Since taking office, Maryland Gov. Wes Moore has viewed the transition to clean energy as a catalyst for creating jobs, wages and savings for Marylanders. Solar and offshore wind projects are priorities for his administration.

Ørsted’s wind farm off Block Island in Rhode Island is America’s first offshore wind farm, according to the company. (Orsted photo by Jason Rossi)

Solar is making headway, but two recent decisions outside of Maryland’s control raise questions as to whether Moore’s offshore wind goals can be met, at least on the accelerated timeline he’d like to see.

On Oct. 31, Ørsted, a Danish energy company, terminated two planned projects off the coast of New Jersey, citing inflation, interest rates, and supply chain issues as reasons for the decision.

Then on Dec. 11, the federal Department of the Interior’s Bureau of Ocean Energy Management removed a major portion of designated development areas along Maryland’s coastline from a scheduled wind lease sale in mid 2024, pending further study that could possibly reinstate the area in a 2025 wind lease sale.

Stalled wind

Jamie DeMarco, Maryland director of the Chesapeake Climate Action Network, criticized BOEM’s decision, deeming the resulting map insufficient to meet regional offshore wind goals.

Maryland, Virginia and North Carolina have pledged to build 10 gigawatts of combined offshore wind capacity by 2034, but the original designated lease areas were already insufficient, accommodating 8 gigawatts at best.

Maryland state law alone calls for 8.5 gigawatts by 2031.

“This increases the importance that we have a president in 2025 who supports offshore wind,” DeMarco said. “It also increases the importance of fully building out as much offshore wind as we can in existing lease areas.”

Ørsted is playing a role in Maryland’s offshore wind commitment and is currently planning the 966 megawatt Skipjack Wind project off the coast of Ocean City, which could power more than 300,000 homes.

DeMarco speculated that timing and deadlines influenced Ørsted’s decision to terminate its New Jersey projects.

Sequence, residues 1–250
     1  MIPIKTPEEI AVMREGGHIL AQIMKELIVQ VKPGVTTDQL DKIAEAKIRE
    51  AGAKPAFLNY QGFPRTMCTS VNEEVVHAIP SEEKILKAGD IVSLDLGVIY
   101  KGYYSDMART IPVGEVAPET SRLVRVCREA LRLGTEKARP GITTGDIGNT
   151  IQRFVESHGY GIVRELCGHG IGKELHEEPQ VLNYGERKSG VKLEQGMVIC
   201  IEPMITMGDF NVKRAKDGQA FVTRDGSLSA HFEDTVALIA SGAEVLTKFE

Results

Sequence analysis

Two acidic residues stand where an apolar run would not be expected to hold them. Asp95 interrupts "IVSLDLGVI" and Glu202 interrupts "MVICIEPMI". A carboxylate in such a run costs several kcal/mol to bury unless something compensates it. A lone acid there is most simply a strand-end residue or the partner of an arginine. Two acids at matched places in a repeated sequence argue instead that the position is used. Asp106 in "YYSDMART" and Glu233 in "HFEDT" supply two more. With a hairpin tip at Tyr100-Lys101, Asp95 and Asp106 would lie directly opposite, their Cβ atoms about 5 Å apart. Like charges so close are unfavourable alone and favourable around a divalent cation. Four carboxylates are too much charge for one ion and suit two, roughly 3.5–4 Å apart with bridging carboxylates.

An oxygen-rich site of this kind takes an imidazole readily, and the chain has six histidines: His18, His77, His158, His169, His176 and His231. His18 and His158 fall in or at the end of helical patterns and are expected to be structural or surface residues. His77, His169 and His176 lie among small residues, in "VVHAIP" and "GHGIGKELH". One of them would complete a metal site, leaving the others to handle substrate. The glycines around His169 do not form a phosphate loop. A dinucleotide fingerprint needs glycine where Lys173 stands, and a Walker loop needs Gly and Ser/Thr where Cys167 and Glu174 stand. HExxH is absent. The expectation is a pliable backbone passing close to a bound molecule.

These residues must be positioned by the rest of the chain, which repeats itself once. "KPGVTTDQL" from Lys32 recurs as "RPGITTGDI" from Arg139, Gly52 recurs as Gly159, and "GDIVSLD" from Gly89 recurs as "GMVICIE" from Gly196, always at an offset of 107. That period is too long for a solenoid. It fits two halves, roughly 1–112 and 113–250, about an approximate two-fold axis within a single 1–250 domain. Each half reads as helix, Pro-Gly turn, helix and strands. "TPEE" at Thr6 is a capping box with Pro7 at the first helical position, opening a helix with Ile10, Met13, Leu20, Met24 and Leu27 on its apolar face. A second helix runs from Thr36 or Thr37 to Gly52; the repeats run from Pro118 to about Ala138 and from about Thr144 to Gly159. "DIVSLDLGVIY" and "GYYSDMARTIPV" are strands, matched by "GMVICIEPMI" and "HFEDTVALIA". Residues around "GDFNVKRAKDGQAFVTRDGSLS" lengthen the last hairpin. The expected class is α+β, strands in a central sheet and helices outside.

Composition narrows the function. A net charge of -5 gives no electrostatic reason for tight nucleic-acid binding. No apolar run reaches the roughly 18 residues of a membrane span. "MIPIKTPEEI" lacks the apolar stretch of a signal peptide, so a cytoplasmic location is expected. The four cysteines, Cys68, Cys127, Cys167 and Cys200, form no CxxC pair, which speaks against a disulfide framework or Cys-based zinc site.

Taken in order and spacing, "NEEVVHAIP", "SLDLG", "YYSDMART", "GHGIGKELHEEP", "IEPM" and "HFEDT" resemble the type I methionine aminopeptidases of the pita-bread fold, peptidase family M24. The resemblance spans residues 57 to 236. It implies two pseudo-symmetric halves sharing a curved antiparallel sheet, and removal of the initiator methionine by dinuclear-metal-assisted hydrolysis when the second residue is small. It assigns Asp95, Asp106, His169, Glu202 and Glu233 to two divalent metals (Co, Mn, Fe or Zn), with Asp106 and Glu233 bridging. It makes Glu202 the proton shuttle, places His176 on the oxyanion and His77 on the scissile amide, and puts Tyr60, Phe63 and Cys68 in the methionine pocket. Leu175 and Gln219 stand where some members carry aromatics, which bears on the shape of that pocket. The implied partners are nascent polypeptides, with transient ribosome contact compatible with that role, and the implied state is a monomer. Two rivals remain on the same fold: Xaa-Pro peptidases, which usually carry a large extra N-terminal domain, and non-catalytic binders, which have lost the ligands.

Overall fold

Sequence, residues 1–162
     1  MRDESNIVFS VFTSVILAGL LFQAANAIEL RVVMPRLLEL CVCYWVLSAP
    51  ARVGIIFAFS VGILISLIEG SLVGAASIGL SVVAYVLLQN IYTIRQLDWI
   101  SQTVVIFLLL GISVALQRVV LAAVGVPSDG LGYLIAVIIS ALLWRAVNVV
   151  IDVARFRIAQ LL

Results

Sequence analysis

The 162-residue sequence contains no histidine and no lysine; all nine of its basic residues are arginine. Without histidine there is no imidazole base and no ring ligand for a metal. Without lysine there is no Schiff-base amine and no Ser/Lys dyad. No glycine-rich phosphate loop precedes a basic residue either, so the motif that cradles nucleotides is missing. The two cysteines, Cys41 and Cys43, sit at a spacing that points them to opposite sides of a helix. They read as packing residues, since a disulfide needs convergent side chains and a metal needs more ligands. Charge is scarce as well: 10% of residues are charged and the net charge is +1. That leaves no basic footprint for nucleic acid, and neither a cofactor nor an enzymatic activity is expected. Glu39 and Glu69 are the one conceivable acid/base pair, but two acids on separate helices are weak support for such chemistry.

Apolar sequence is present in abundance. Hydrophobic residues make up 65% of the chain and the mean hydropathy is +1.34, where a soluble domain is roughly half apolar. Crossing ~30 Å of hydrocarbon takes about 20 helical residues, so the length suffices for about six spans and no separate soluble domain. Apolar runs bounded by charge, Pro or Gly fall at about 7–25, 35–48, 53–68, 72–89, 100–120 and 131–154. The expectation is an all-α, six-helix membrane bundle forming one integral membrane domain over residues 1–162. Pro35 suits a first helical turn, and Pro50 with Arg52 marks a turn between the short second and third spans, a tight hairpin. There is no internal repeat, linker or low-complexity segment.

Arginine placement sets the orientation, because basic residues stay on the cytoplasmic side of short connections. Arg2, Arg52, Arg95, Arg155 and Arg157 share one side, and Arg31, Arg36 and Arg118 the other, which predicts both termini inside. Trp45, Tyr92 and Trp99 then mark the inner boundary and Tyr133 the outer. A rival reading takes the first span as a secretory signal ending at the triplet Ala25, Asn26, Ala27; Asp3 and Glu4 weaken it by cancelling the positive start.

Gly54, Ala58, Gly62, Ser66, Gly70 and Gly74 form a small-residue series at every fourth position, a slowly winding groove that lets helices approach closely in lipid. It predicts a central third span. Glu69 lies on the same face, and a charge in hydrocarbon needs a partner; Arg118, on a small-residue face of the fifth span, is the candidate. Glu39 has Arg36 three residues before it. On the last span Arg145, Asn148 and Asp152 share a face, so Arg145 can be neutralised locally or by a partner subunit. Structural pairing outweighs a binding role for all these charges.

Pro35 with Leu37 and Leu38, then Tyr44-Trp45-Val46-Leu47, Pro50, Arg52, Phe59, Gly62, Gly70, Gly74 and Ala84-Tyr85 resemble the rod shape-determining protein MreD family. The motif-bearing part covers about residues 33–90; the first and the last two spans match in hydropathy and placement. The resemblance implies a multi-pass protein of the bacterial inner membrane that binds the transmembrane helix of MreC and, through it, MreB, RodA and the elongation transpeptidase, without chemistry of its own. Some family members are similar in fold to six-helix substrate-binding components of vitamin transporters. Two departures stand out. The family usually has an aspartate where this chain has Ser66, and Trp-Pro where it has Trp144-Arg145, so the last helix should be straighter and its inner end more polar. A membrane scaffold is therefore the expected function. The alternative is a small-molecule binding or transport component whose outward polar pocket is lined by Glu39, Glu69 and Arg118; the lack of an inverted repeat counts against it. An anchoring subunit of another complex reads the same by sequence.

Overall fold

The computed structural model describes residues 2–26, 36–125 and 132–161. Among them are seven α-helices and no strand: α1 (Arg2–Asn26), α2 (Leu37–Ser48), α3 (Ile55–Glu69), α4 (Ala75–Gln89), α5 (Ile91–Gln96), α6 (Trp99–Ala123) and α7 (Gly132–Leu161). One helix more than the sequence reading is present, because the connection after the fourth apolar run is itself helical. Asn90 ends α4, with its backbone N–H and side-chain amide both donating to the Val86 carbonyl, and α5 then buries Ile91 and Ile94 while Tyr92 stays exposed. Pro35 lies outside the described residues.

“I don’t think that timeline crunch exists in the same way in Maryland,” he said. “They have a little more time to buy the steel … and I’m hopeful that we can get the project built here.”

Maddy Voytek, Ørsted’s head of Government Affairs and Market Strategy in Maryland, said Skipjack Wind remains in active development, and the company remains in dialogue with stakeholders.

“We anticipate having a better understanding of Skipjack Wind’s path forward in the coming months following a portfolio-wide review,” she said.

Community solar

Construction is underway on the new Jessup Community Solar Farm. (Summit Ridge Energy photo)

Solar growth, while also constrained by space, has faced fewer roadblocks in Maryland, and community solar purchasing programs are giving more consumers the ability to help advance it.

Under this model, utility customers buy subscriptions from a management company for a share of electricity generated by a solar farm. The utility company pays the solar farm for the energy it generates and credits subscribed customers for the offset.

The arrangement helps underwrite the cost of new solar projects, provides savings for customers, and increases the amount of renewable energy in a utility company’s overall portfolio.

Neighborhood Sun manages the process for 23 solar farms in Maryland, including farms located in Jessup, West Friendship, and Lothian. An additional project in Jessup is among eight other farms currently under construction.

According to Neighborhood Sun spokesperson Stephanie Monmoine, the program includes 5,757 Maryland subscribers, with nearly 49 megawatts under management to date allocating more than 69.5 kilowatt-hours to subscribers every year.

“We operate in seven states and Maryland is one of our top states,” said Neighborhood Sun founder and CEO Gary Skulnik.

Recent legislation in Maryland is set to simplify the enrollment process by including subscription payments on a consolidated utility bill, and will also require projects to serve a minimum of 40% low- to middle income subscribers.

“That’s a major difference for low income customers who don’t have credit cards or large bank accounts,” Skulnik said. 

Community solar is the fastest growing part of the solar industry, he said, and it offers private investors and landowners the ability to generate income by leasing their property for solar farm construction.

“Panels can also be installed on large warehouses and rooftops that aren’t being used for something else,” Skulnik said. “That makes up about 15% of our portfolio.”

Neighborhood Sun has received support from TEDCO and the University of Maryland’s Chesapeake Seed Venture Fund, and is now targeting a goal of making its program in Maryland the most successful in the United States.

“The benefit for customers is it’s virtual solar, so they don’t have to install any equipment,” Skulnik said. “It’s a good way to get everybody involved in advancing solar, not just a select few who can afford it.”